Moderate recommendation for college admission

As a graduate of Columbia University’s Teacher’s College, I was initially pleased to read that Columbia had risen to 2nd place in the U.S. News & World Report’s list of top universities.

It was then that a math professor in Colombia challenged his employer’s ranking, alleging that he had tampered with school data to reduce the ratio between class size and student faculty and to increase the number of faculties holding terminal degrees in their field. The school insisted on the accuracy of the reported information.

While digging into this controversy, I exposed the futility of trying to rank 392 colleges with a collective metric. For example, when Shakespeare scholars probably have to hold terminal degrees, should a college be fined in its rankings for hiring a great writer who did not graduate from college like Maya Angelo and Truman Capote?

Once the data behind the rating system is open, colleges can game the system. For example, US News uses standard test scores to measure selectivity, giving schools’ accredited students a higher ranking if they have higher standard scores. This encourages colleges to upgrade their test scores by weighing more in admissions.

Students from poor and working-class families get lower scores on standardized tests – the best predictor of performance on the SAT is family income, not high school grades. Emphasis on test scores may seem counterintuitive to poor students who may benefit from compulsory personal description.

But maybe not. Our college admission process, which is considered meritocratic, is a conspiracy; This process is deceived against the poor from beginning to end. Home rule and exclusive zoning in the cities of Connecticut means that urban students are denied access to AP courses and the rigorous curriculum that selective colleges value and that suburban students enjoy.

Moreover, professional families can afford a lot of resources for their offspring. Academic tutoring to improve grades and SAT scores, college admission coaching (including essay writing), AAU, travel teams, personal athletic training, fine arts and music lessons all add to the benefits of college admission.

Poor and working students are more likely to have part-time jobs and childcare responsibilities. Students from professional families are more likely to travel (including service trips) and receive unpaid internships (having contacts to arrange it). Accordingly, affluent students have more opportunities to develop essays of the kind that admissions officers take as evidence of character. Stanford’s Center for Education and Policy Analysis has found that essays have a stronger relationship with family income than SATs.

Despite generous financial aid – many colleges are trumpeting need-blind admissions, some offering full financial aid without credit – students from the top 1 percent are 77 times more likely to enroll in an elite college than students below. Quintal of family income. Thirty-eight colleges, including Georgetown, Notre Dame, and Five Ivy, enroll more students than the bottom 60 percent and the top one percent. A quarter of the top 1 percent attend elite colleges; Less than 1 percent of students from the poorest quintile attend an elite college.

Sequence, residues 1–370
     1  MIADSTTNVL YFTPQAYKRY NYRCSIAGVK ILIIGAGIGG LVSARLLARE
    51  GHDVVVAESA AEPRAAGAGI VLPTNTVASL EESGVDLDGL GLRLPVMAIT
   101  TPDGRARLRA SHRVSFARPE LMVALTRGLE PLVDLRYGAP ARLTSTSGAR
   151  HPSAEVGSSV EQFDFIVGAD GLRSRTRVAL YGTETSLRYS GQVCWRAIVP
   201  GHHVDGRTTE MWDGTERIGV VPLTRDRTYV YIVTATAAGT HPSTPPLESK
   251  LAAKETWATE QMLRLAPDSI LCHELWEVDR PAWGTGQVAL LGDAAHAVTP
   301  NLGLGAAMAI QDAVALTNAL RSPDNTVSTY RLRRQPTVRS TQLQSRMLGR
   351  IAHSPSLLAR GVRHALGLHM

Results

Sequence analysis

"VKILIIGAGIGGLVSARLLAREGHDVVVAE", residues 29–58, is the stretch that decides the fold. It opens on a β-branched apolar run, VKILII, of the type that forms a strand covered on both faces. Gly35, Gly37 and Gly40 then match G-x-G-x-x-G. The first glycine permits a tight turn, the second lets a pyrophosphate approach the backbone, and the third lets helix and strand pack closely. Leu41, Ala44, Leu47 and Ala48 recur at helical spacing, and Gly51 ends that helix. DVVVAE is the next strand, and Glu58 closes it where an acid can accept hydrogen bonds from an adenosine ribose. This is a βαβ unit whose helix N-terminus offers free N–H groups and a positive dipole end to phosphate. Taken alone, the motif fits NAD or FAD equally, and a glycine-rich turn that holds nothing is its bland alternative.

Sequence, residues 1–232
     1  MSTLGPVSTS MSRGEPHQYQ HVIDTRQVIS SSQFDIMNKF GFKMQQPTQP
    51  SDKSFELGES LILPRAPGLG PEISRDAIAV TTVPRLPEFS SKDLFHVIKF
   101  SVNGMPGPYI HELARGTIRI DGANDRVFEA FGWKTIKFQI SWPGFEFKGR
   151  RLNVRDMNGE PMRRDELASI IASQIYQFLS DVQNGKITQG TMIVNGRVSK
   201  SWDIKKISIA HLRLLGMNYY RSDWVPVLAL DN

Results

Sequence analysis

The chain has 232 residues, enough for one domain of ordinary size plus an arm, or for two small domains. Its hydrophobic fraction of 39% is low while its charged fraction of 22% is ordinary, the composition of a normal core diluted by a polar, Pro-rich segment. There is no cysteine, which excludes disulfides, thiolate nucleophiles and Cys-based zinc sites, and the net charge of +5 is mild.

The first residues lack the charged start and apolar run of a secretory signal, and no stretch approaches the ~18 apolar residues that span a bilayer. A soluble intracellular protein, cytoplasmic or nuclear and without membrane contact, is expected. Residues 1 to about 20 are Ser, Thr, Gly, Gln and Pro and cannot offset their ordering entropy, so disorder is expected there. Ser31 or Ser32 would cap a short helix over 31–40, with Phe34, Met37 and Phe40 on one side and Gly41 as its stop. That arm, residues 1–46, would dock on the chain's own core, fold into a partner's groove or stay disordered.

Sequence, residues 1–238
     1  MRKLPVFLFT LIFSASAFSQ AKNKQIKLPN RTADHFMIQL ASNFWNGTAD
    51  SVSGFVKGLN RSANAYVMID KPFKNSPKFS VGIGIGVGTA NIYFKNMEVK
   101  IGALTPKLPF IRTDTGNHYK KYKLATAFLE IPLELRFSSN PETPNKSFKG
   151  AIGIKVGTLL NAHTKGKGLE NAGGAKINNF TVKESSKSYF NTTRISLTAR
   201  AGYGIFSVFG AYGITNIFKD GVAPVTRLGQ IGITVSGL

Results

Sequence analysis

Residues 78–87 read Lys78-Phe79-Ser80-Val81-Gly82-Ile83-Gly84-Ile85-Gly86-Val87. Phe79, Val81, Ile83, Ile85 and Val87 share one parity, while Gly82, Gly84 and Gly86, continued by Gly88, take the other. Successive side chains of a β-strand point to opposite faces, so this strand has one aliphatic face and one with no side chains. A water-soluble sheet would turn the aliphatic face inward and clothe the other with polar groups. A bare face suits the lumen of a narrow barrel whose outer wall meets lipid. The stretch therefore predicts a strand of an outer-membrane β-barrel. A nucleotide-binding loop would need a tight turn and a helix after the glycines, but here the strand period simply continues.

The income gap between the poor and professional families is strengthened and rebuilt in the college admission process. College graduates earn more than 50 percent more than high school graduates, and joining a selective college gives graduates an additional 20 percent boost in income. The college admission process already benefits the rich and keeps the poor below their ranks.

So, here is a moderate suggestion. Elite schools should avoid tuition, and bid on the highest bidder’s admission. They are already doing it in secret. Frankly, there are many benefits.

Higher selective colleges may cut administrative costs. Faculty members have already come out against the administrative swell; Colleges may now cut admission staff through a simpler and more efficient admission process based on a family’s willingness to pay.

This change may revolutionize the landscape of institutional progress. Colleges often include auctions in their fundraising programs. Imagine the fuss surrounding the entry auction; Its potential to bring “contributions” to a Mediterranean villa or college president’s dinner is very high.

Faculty members also ban grade inflation; 42% of college grades are A’s. This proposal is likely to reduce grades. However, we should not rule out the possibility of elite colleges taking the next logical step and auctioning grades.

Admission auctioning will reduce fraud and increase efficiency. In Operation Varsity Blues, Lori Loglin, Felicity Huffman and other wealthy parents were dissatisfied with the extent of their children’s privilege and bribed and cheated athletic and admission officials. Access auctioning increases transparency and eliminates intermediaries.

Advertising comes with transparency and truth. John Dewey, the father of progressive education who taught in Colombia over a century ago, envisioned public education as the driving force of democracy. He did not anticipate the influx of late capitalism into inequality, economic stratification and injustice and the subversion of the college admission process to protect the exclusive rights of the rich.

The unfortunate fact about social dynamics is that the upward movement of some indicates the downward movement of others. The rich seldom seize their privileges and instead seek ways to protect their gains. If we are open and honest, we can penetrate the veil of what is considered meritocracy in the college admissions process and more accurately label it as a step in favor of the rich.

Joseph Jerichos, a resident of Stratford, is a retired Catholic High School teacher and administrator.

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